Health officials urge vigilance this Thanksgiving as COVID-19 modelling shows acceleration of cases
Public health officials are urging Canadians to be extra-vigilant this Thanksgiving weekend as new COVID-19 modelling shows the growth of caseloads continuing to accelerate across the country.
During a news conference in Ottawa today, Chief Public Health Officer Theresa Tam said there were 2,400 new cases recorded across the country on Thursday – the highest one-day increase in reported cases since the start of the pandemic. She said it’s vital that Canadians limit their contacts and deny the virus opportunities to spread.
“The actions of individual Canadians are needed now to reverse this trend,” she said.
Tam released projections showing that the national caseload could climb to 197,830 by Oct. 17, with up to 9,800 deaths.
The virus is spreading most rapidly in Quebec, Ontario and Alberta, and each new case in Canada is spreading infection to more than one person.
Infections remain highest among younger age groups — especially among those aged 20 to 39 years old. But infections are rising among Canadians over the age of 80, a group which is particularly vulnerable.
To slow the spread and prevent new outbreaks, officials are asking Canadians to limit gatherings to their own household contacts, to stay close to home and to celebrate Thanksgiving creatively through virtual gatherings and festive outdoor activities.
Tam and her deputy Howard Njoo are holding a news conference with Prime Minister Justin Trudeau and several other cabinet ministers and CBCNews.ca is carrying it live.
WATCH / Chief Public Health Officer Theresa Tam provides new COVID-19 modelling
Last month, Tam presented modelling that showed the epidemic was accelerating nationally. At the time, she warned that if Canadians did not step up preventative measures, the virus could spread out of control and trigger a wave of infections bigger than the first one.
Her projections suggested cases could climb to more than 5,000 daily by October.
That projection remains in today’s modelling. If Canadians increase their current rate of contacts by 20 per cent, the epidemic is forecast to re-surge “faster and stronger,” according to the projections.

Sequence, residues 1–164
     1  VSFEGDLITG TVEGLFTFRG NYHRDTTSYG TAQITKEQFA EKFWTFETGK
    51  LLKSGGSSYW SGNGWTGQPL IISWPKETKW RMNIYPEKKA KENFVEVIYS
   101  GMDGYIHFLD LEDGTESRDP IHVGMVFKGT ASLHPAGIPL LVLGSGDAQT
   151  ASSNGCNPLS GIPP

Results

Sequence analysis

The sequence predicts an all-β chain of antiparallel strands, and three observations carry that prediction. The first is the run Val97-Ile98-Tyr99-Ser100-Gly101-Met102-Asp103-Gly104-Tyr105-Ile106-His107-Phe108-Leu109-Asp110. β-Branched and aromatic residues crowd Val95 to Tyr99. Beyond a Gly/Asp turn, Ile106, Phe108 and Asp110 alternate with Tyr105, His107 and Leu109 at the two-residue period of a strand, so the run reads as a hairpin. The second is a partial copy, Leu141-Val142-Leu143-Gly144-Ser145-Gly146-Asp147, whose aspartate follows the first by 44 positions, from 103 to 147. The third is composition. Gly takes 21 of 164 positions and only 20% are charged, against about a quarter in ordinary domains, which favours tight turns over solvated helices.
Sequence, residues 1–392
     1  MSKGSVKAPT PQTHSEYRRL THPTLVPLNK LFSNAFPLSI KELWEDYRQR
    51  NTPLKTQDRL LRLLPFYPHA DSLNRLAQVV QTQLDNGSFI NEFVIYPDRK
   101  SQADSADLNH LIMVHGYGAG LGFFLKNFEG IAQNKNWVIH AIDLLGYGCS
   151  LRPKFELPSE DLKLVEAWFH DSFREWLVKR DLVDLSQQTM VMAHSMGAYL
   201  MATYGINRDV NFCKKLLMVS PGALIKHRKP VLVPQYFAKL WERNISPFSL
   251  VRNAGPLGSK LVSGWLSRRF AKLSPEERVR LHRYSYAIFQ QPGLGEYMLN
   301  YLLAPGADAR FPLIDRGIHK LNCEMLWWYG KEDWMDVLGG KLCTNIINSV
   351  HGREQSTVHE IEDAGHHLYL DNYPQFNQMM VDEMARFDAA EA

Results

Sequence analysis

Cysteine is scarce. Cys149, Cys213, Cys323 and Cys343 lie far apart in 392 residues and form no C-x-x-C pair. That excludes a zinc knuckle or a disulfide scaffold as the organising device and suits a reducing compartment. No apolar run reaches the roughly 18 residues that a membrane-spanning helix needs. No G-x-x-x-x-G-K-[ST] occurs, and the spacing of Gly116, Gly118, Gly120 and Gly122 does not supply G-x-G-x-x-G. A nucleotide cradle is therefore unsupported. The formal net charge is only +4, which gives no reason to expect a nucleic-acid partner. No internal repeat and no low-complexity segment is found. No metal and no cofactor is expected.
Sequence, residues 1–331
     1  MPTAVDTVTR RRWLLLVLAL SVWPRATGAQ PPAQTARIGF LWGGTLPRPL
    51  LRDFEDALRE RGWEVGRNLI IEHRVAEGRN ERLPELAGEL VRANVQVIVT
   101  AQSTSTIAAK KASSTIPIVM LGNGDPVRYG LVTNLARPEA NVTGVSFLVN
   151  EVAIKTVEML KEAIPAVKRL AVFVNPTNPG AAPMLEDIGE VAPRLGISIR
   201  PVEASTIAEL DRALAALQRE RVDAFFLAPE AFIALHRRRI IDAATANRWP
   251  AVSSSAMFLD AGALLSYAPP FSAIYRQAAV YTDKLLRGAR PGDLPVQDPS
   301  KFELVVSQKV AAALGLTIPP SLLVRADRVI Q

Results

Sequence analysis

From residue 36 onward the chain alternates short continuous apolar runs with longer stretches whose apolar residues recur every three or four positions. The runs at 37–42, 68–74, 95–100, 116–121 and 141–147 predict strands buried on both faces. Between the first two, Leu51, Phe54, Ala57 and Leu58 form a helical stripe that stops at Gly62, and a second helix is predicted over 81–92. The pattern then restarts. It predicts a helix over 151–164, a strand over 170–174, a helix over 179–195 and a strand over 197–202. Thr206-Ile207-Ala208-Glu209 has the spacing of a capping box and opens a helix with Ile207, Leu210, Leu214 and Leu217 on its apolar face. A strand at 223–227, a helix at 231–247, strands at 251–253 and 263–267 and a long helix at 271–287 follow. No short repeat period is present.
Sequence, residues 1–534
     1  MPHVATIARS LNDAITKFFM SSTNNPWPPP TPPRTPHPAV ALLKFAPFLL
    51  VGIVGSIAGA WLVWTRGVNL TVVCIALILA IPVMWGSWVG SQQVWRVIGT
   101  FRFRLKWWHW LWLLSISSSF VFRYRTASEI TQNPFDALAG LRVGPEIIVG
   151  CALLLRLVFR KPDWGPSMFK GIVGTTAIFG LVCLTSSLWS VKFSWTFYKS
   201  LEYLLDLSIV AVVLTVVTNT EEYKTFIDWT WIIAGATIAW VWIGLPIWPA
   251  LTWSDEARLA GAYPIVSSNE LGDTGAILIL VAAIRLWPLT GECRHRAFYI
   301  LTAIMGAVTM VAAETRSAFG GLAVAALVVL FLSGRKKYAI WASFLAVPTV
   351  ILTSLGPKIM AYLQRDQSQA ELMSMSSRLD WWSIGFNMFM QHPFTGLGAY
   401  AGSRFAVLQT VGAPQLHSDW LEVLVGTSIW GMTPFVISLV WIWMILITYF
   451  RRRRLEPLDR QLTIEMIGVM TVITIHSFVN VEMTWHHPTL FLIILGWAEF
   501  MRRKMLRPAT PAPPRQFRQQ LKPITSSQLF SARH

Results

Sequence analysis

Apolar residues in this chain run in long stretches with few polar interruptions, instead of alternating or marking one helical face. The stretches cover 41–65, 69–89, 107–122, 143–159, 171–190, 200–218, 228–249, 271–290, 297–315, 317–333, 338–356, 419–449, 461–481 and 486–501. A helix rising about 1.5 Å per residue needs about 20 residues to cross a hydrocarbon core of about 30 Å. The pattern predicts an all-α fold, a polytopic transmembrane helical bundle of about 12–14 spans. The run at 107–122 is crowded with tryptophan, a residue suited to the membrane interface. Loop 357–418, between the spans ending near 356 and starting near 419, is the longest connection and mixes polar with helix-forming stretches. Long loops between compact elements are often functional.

Public health officials say that if Canadians maintain their current rate of contacts, the epidemic is still expected to re-surge — but if they reduce their contacts by 25 to 35 per cent, the epidemic is expected to come under control in most locations.
The worse-case scenario hasn’t happened yet but Ontario reported 939 new cases of COVID-19 on Friday, the province’s highest-ever daily number of new cases. There has also been a spike in new COVID-19 ICU hospital admissions in the province.
Ontario Premier Doug Ford is holding an emergency cabinet meeting today to consider tighter measures to reverse the trend — measures that could include shutting down gyms, cinemas and indoor food and drink service in restaurants, bars, nightclubs and food courts.
The provincial government is not currently considering closing schools, child care centres, colleges, universities or courtrooms.
Quebec also plans to impose stricter measures after the province reported 1,102 new cases of COVID-19 and 22 more deaths on Friday.
The number of so-called “red zones” in Quebec with a high number of cases is growing, forcing the closure of restaurants, bars, theatres and some other businesses.
In British Columbia, the number of cases has now surpassed 10,000, but the province’s chief public health officer Bonnie Henry said the curve is beginning to flatten again as testing ramps up significantly.
Trudeau reminded Canadians to help limit transmission by wearing masks, staying home when going out is unnecessary and downloading the COVID-19 alert app.
“We’re at a tipping point in this pandemic. Not only is the second wave underway, yesterday we hit the highest daily recorded cases — well above what we saw this spring,” he said.
“I know this is discouraging, especially going into Thanksgiving weekend. But remember this — when things were at their bleakest during the first wave, Canadians pulled together and flattened the curve.”